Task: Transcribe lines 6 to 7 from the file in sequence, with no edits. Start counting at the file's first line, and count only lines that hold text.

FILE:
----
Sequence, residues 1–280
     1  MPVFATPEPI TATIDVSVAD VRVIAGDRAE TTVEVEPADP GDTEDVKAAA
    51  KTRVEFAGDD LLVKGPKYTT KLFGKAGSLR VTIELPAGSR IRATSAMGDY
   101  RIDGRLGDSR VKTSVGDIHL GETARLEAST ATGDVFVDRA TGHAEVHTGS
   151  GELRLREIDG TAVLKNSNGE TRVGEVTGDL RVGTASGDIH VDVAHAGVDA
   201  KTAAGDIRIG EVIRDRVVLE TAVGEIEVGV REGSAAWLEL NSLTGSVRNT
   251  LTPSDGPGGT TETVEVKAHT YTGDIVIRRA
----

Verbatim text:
   201  KTAAGDIRIG EVIRDRVVLE TAVGEIEVGV REGSAAWLEL NSLTGSVRNT
   251  LTPSDGPGGT TETVEVKAHT YTGDIVIRRA